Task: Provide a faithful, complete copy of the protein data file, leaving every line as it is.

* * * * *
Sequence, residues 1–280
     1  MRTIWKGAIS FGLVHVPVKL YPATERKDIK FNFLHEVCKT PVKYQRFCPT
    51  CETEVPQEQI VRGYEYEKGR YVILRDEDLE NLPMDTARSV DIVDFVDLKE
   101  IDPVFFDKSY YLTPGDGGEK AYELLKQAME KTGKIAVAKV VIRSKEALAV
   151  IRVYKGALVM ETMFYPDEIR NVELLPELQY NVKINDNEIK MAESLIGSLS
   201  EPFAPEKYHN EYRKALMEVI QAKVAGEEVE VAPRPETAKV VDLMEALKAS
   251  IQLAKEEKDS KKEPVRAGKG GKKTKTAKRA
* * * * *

Sequence, residues 1–280
     1  MRTIWKGAIS FGLVHVPVKL YPATERKDIK FNFLHEVCKT PVKYQRFCPT
    51  CETEVPQEQI VRGYEYEKGR YVILRDEDLE NLPMDTARSV DIVDFVDLKE
   101  IDPVFFDKSY YLTPGDGGEK AYELLKQAME KTGKIAVAKV VIRSKEALAV
   151  IRVYKGALVM ETMFYPDEIR NVELLPELQY NVKINDNEIK MAESLIGSLS
   201  EPFAPEKYHN EYRKALMEVI QAKVAGEEVE VAPRPETAKV VDLMEALKAS
   251  IQLAKEEKDS KKEPVRAGKG GKKTKTAKRA